But what the film really does is remove itself from the meta-cinematic universe we come to expect. Yes, the film has the return of Steve Trevor from the first story but it has little direct impact on other DC films nor does it set up or continue a meta story that involves 20 other films. It’s a two-issue story arc giving us breaks between drawn-out “events”. It’s supposed to be a breezy popcorn film focused on fun and it generally succeeds.

The film absolutely has issues with its story. Trevor’s return has a lingering of rape due to how it’s done. Kristen Wiig‘s Barbara Minerva/Cheetah is underused. Some of the film could have been tightened up in the details. The film is loose with some fat to it. Minor changes would have made a leaner and tighter film. Special effects at times are rough and some fight sequences feel a bit uninspired. But, every comic film released has had problems none are perfect and there are modern releases that are in a far rougher shape than this.

The actors all bring some interesting aspects to the film. Gal Gadot is supposed to be front and center and while she plays alone very well, she doesn’t quite have the draw power she had in the first film. That’s partially because everyone else is so over the top in their performances that her Diana/Wonder Woman comes off as too serious and dour at times.

Returning is Chris Pine as Steve Trevor. Pine has the most fun of the actors continually being excited about the world he’s returned to. The joke happens over and over but Pine’s delivery never gets old and through him, the film gets to poke a lot of fun at the time period. Pine is our time capsule reminding us of the fashion, dances, and innovations of the decade.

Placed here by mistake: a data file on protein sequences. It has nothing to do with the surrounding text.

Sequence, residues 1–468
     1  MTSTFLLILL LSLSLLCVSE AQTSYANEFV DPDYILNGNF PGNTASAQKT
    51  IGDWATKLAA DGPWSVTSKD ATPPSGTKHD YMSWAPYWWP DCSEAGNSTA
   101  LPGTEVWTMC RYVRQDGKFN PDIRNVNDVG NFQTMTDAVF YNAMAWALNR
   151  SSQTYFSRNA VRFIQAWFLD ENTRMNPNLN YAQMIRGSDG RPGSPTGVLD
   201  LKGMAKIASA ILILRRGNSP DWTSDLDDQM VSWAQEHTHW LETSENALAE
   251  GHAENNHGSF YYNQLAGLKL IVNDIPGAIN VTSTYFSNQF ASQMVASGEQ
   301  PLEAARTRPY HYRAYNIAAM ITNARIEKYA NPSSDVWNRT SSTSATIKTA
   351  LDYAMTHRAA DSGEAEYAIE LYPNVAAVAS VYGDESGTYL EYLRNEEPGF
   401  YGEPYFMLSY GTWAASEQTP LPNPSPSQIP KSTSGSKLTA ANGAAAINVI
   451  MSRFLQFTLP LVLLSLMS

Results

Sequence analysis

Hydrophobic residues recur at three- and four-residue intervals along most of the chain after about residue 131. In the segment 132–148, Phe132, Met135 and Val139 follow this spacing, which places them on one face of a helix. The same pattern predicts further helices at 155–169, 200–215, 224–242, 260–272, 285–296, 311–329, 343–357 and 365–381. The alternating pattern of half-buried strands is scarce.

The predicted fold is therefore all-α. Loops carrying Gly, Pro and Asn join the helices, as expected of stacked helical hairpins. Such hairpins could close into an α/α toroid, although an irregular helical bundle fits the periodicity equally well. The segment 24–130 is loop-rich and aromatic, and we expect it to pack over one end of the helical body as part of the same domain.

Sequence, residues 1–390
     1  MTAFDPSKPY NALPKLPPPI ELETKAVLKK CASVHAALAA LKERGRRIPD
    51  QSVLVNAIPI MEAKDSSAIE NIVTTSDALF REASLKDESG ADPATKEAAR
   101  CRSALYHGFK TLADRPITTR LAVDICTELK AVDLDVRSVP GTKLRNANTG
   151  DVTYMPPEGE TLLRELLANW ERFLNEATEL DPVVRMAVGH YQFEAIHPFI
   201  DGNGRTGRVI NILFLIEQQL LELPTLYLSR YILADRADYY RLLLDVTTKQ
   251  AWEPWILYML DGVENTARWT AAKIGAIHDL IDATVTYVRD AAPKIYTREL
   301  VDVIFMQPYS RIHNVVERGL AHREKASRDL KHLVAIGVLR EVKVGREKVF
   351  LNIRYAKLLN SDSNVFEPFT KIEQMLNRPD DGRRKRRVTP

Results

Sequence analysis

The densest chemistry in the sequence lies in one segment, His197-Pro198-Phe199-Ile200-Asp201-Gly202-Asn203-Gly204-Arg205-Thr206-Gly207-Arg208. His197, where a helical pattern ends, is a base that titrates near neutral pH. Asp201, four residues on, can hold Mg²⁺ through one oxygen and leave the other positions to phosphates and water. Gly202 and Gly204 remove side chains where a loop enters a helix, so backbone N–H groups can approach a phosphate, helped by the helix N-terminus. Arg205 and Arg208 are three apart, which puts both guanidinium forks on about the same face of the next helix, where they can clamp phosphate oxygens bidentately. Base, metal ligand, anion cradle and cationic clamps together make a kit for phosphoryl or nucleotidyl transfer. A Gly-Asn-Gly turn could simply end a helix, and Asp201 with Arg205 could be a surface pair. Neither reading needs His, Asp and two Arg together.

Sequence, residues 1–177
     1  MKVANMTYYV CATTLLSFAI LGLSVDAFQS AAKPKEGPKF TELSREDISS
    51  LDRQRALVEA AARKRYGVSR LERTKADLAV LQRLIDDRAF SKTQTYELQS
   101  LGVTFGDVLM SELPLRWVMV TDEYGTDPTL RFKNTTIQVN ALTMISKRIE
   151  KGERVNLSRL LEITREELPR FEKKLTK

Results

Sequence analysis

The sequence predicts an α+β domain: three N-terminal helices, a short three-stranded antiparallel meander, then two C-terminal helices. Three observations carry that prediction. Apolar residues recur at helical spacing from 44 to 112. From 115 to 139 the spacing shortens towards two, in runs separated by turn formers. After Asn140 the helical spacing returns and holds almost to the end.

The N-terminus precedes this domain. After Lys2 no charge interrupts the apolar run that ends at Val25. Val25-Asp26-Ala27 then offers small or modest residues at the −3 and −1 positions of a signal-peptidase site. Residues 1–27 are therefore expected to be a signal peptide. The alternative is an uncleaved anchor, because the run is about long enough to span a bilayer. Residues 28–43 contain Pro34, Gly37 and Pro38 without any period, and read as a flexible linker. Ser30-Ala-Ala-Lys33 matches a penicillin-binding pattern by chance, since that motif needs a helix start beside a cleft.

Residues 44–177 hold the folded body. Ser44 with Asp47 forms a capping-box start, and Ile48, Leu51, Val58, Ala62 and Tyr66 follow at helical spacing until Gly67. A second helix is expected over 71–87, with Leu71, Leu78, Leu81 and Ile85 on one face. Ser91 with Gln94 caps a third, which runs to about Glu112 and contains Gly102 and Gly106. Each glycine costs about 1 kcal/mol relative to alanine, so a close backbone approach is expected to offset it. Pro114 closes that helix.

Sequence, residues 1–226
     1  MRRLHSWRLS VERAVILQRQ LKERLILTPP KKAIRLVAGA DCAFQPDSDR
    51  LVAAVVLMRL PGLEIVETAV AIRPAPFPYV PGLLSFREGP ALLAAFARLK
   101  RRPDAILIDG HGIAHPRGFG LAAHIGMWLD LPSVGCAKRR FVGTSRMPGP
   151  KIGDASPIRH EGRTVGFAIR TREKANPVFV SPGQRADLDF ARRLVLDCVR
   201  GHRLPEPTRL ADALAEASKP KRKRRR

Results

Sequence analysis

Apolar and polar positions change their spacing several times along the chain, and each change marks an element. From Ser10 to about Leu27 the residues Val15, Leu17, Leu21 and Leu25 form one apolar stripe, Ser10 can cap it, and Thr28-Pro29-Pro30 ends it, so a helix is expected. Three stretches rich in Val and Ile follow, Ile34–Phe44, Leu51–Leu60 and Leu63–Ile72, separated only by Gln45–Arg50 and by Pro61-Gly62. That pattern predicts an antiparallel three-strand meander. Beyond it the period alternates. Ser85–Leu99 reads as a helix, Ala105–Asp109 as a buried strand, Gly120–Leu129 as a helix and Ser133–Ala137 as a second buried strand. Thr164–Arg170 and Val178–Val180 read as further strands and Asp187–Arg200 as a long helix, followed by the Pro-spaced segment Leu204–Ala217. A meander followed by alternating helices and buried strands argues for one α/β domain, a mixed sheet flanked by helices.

Joining Gadot and Pine are Kristen Wiig as Barbara Minerva and Pedro Pascal as Maxwell Lord, the two “villains” of the film. I put that word in quotations because neither is truly evil.

Wiig plays the bookwormish Minerva who also works in the museum with Gadot’s Diana. In Diana she sees someone she inspires to be and her wish to do so brings unintended consequences. Wiig does a fantastic job of evolving from one thing to the other playing a convincing flower blooming. She does the stumbling nerd well and then the confident woman everyone wants to be around. There’s a lot of 80s John Hughes in the performance and it captures the decade well.

Pedro Pascal puts in an over the top performance tapping so much of what was wrong the decade. His scheming Lord is the insecure loser and con-artist we knew so many of the titans of the time were. Donald Trump, televangelists, late-night infomercials, Lord is all of these things in a bad wig. He’s the embodiment of everything wrong during that time period and does it with a delivery that emphasizes the slime. But, he also gives us a villain who isn’t so much one and as we learn someone the audience can relate to more than they want to admit.

Wonder Woman 1984 feels like the enjoyment will be directly inversed to how cynical one is. The more you are, the less you’ll like it. It’s a film that doesn’t take itself seriously and just roles with its ideas. The action sequences are enjoyable, performances a bit over the top, and a story that you just roll with. This is a popcorn film that wants you to not think and just go for the ride. It’s comic book escapism that takes its tone and look from comics delivering popcorn digital enjoyment.

Overall Rating: 8.0

Wonder Woman 3 is a Go with Patty Jenkins and Gal Gadot Back

Wonder Woman 1984